htaccess code to force SSL on domain in cPanel

htaccess code to force SSL on domain in cPanel

As soon as you have added an Free cPanel Let’s Encrypt SSL certificate to your domain, Tservers4 will automatically redirects the URL visitors use to view your site from HTTP to HTTPS. The ‘S’ ensures that your connection is encrypted and secured from hackers. For example:

  • https://example.com

There’s nothing on your end you must update in order to force your site to use the secure URL. However, in some special cases, it may be necessary for you to create your own custom configuration file to force the redirect from HTTP to HTTPS.

The easiest option to force SSL on your domain with cpanel is by engaging .htaccess file to achieve this.

Forcing the domain to serve securely using HTTPS (for any site)

The following forces any http request to be rewritten using https. For example, the following code forces a request to http://example.com to load https://example.com. It also forces directly linked resources (images, css, etc.) to use https:

RewriteEngine On
RewriteCond %{HTTPS} !=on
RewriteRule ^(.*)$ https://%{HTTP_HOST}%{REQUEST_URI} [L,R=301,NE]
Header always set Content-Security-Policy "upgrade-insecure-requests;"

If this isn’t working for you, first check your line endings. Copy/paste from your web browser into a text editor may not work right, so after pasting into your text editor you should delete each line break and add it back in (line break = return key).

If your site was designed with WordPress, then the below procedure may apply to you.

Forcing HTTPS with WordPress

If your .htaccess file already contains some default WordPress code, enter the following above or below that code. Never enter code inside of the comment tags that start and end with:

# BEGIN WordPress
# END WordPress

It’s possible for a visitor to enter in a direct HTTP URL on your WordPress site, even when an SSL certificate is active. To force any HTTP request to redirect to HTTPS, you can add code to your WordPress .htaccess file. There are two code options below for you to use. The first should work as shown, but if not, try option two instead.

Option #1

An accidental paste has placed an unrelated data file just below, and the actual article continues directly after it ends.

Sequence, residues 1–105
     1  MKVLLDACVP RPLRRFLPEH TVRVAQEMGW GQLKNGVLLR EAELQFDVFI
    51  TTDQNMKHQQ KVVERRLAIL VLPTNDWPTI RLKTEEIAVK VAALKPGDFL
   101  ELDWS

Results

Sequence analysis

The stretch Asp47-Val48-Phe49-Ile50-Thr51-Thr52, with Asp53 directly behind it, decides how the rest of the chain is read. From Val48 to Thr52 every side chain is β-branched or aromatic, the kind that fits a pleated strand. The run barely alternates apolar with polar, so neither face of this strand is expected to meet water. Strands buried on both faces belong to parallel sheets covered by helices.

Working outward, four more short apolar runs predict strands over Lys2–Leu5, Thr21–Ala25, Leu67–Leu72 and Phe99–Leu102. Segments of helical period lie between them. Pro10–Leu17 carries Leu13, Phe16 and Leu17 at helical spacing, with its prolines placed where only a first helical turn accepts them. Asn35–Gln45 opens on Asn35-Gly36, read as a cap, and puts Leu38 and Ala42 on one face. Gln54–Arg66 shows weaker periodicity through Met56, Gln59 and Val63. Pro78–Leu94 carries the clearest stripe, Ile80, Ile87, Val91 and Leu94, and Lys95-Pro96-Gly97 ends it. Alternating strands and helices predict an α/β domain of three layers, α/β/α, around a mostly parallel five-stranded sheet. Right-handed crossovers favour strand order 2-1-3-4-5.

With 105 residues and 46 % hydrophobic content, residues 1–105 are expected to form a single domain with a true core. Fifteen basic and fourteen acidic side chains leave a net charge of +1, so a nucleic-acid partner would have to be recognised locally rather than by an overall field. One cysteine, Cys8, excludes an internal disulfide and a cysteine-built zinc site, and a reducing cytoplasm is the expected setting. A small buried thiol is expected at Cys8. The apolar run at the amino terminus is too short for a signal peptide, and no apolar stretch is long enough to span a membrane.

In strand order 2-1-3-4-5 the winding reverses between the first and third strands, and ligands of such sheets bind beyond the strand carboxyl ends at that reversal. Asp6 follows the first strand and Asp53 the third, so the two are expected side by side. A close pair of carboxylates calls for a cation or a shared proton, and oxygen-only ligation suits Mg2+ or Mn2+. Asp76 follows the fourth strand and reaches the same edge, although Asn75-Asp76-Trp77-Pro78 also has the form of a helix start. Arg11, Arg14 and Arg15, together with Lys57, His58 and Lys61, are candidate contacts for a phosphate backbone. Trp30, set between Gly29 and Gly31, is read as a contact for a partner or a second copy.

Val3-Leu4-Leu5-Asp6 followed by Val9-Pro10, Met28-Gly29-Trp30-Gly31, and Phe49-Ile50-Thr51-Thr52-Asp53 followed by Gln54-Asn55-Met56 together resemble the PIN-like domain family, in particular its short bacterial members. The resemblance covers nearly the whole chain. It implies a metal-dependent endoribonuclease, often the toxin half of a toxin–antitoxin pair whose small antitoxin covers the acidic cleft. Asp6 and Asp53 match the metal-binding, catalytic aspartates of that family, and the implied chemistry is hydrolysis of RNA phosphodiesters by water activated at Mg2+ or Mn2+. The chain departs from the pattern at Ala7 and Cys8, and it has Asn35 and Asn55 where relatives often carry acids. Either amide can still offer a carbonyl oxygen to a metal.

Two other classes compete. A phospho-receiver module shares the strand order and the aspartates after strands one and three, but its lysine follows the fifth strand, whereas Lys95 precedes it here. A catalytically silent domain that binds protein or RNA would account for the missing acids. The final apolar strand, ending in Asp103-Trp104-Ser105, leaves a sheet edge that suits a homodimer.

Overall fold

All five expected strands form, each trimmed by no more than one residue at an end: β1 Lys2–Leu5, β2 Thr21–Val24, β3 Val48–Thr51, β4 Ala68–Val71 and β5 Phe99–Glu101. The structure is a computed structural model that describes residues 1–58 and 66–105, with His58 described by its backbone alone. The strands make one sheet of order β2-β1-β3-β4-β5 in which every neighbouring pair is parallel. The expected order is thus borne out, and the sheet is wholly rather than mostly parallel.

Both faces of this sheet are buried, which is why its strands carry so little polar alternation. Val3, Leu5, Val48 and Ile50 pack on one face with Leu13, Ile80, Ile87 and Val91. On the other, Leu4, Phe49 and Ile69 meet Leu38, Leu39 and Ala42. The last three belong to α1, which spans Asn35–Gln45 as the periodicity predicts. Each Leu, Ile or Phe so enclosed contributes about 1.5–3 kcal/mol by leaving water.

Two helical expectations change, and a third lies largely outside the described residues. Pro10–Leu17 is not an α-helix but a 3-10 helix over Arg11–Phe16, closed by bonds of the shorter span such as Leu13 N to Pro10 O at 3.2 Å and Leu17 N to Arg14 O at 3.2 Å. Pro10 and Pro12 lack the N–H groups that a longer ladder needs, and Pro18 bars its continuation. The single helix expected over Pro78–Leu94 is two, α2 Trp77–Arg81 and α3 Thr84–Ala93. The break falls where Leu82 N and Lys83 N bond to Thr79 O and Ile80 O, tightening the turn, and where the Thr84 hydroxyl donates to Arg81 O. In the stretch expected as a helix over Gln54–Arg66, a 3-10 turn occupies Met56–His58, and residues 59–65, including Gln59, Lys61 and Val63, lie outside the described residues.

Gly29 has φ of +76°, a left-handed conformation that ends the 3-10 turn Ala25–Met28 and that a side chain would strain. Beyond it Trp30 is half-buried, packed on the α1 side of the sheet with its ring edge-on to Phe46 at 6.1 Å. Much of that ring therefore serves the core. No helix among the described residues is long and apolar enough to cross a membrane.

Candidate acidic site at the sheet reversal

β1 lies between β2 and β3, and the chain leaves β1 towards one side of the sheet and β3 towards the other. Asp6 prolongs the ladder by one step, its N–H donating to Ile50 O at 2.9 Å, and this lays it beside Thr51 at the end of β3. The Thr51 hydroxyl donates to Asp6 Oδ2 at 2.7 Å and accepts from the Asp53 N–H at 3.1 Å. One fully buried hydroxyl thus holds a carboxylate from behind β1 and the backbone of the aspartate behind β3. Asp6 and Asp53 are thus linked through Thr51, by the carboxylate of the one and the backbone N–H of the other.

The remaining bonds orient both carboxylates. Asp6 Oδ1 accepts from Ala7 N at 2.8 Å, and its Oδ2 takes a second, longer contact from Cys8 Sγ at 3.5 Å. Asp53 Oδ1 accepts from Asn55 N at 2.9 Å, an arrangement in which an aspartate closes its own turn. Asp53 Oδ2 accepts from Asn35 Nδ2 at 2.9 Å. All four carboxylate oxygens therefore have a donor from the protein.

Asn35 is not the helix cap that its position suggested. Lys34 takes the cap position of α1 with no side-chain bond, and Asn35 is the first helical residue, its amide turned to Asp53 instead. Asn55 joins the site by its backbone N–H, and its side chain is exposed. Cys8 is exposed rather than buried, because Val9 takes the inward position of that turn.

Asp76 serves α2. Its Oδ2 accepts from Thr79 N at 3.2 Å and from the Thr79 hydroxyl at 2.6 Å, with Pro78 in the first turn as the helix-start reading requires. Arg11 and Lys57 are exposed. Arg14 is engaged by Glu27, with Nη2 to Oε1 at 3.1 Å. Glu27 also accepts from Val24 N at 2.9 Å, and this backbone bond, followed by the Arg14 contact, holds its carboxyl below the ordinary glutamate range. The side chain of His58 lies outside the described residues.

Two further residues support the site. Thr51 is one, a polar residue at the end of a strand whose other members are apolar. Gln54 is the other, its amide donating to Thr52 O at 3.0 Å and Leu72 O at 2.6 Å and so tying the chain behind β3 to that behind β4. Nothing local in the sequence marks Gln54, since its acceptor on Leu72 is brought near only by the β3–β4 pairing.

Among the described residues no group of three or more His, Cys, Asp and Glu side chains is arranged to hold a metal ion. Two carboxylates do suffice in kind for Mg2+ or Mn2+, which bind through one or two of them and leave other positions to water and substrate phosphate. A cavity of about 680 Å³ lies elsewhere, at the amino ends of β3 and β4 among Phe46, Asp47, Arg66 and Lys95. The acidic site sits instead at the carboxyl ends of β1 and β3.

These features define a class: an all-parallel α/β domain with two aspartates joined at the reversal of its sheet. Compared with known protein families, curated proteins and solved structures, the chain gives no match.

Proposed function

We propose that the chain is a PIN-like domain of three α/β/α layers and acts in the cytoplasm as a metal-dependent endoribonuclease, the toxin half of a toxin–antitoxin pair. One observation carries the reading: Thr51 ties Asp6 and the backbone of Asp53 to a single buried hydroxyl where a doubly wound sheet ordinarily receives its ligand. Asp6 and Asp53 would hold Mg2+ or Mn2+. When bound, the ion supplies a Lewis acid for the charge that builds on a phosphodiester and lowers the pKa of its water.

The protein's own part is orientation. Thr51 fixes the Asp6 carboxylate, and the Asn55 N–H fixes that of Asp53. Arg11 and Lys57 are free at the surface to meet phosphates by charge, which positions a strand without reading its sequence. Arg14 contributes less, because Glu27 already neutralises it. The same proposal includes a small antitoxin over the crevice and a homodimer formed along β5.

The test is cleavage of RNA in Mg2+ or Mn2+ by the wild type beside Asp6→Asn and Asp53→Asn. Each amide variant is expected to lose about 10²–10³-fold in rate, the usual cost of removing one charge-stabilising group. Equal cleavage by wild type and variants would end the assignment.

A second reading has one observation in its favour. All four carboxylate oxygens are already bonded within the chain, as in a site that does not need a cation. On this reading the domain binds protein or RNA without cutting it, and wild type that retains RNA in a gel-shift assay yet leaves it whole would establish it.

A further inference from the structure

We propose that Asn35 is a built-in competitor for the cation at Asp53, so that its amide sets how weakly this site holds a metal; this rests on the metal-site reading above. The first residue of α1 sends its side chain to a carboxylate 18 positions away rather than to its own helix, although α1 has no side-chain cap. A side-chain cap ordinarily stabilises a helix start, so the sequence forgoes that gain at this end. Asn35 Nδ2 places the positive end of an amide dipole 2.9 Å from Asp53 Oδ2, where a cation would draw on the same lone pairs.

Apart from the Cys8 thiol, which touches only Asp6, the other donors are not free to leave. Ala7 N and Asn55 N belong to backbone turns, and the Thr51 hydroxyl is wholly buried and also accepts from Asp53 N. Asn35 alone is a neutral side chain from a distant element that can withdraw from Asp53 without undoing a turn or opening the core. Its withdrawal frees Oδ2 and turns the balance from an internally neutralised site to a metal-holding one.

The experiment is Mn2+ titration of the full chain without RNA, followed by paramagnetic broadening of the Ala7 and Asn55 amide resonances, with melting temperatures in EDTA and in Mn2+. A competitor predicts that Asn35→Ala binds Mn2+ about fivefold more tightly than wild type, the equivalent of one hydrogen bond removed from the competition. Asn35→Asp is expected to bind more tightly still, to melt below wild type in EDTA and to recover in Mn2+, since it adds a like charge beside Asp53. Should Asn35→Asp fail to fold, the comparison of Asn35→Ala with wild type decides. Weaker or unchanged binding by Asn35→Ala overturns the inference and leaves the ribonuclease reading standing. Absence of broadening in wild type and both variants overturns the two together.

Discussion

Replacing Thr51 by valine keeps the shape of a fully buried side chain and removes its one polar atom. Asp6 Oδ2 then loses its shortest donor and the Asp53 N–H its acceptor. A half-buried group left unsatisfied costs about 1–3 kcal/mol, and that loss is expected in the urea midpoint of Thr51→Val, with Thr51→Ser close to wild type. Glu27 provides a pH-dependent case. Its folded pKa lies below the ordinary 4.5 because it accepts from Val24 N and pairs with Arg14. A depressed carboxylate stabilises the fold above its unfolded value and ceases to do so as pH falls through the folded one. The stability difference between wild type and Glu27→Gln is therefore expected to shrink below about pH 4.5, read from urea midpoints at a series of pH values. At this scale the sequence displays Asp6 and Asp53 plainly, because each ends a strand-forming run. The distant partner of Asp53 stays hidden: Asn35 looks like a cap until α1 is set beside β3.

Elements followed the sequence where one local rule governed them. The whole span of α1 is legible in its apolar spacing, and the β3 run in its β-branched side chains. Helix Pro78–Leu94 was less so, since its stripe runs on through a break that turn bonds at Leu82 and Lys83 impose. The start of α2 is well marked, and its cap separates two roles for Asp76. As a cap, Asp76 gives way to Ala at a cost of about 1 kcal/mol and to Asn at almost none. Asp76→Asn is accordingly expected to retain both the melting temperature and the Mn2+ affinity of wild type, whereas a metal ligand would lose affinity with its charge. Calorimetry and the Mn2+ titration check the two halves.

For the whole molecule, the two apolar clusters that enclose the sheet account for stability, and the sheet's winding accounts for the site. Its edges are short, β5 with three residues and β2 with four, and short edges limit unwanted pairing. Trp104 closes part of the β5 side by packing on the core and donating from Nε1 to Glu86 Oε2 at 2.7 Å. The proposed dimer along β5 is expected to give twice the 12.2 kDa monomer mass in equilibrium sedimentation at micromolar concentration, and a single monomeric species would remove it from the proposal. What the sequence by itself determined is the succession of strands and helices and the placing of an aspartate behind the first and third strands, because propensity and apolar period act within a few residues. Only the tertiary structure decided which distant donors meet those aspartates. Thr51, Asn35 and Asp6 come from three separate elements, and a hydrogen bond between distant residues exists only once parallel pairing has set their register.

RewriteEngine On
RewriteCond %{HTTPS} !=on
RewriteRule ^(.*)$ https://%{HTTP_HOST}%{REQUEST_URI} [L,R=301,NE]
Header always set Content-Security-Policy "upgrade-insecure-requests;"

Full example including the default WordPress code

Below is what your .htaccess file looks like with both the new HTTPS code and existing WordPress code.

RewriteEngine On
RewriteCond %{HTTPS} !=on
RewriteRule ^(.*)$ https://%{HTTP_HOST}%{REQUEST_URI} [L,R=301,NE]
Header always set Content-Security-Policy "upgrade-insecure-requests;"

# BEGIN WordPress
# The directives (lines) between `BEGIN WordPress` and `END WordPress` are
# dynamically generated, and should only be modified via WordPress filters.
# Any changes to the directives between these markers will be overwritten.
<IfModule mod_rewrite.c>
RewriteEngine On
RewriteBase /
RewriteRule ^index\.php$ - [L]
RewriteCond %{REQUEST_FILENAME} !-f
RewriteCond %{REQUEST_FILENAME} !-d
RewriteRule . /index.php [L]
</IfModule>
# END WordPress

Option #2

In this example, make sure to change ‘example.com’ to your actual domain name.

RewriteEngine On 
RewriteCond %{SERVER_PORT} 80 
RewriteRule ^(.*)$ https://www.example.com/$1 [R=301,L,NE]
Header always set Content-Security-Policy "upgrade-insecure-requests;"

Full example including the default WordPress code

Below is what your .htaccess file looks like with both the new HTTPS code and existing WordPress code.

RewriteEngine On 
RewriteCond %{SERVER_PORT} 80 
RewriteRule ^(.*)$ https://www.example.com/$1 [R=301,L,NE]
Header always set Content-Security-Policy "upgrade-insecure-requests;"

# BEGIN WordPress
# The directives (lines) between `BEGIN WordPress` and `END WordPress` are
# dynamically generated, and should only be modified via WordPress filters.
# Any changes to the directives between these markers will be overwritten.
<IfModule mod_rewrite.c>
RewriteEngine On
RewriteBase /
RewriteRule ^index\.php$ - [L]
RewriteCond %{REQUEST_FILENAME} !-f
RewriteCond %{REQUEST_FILENAME} !-d
RewriteRule . /index.php [L]
</IfModule>
# END WordPress

 

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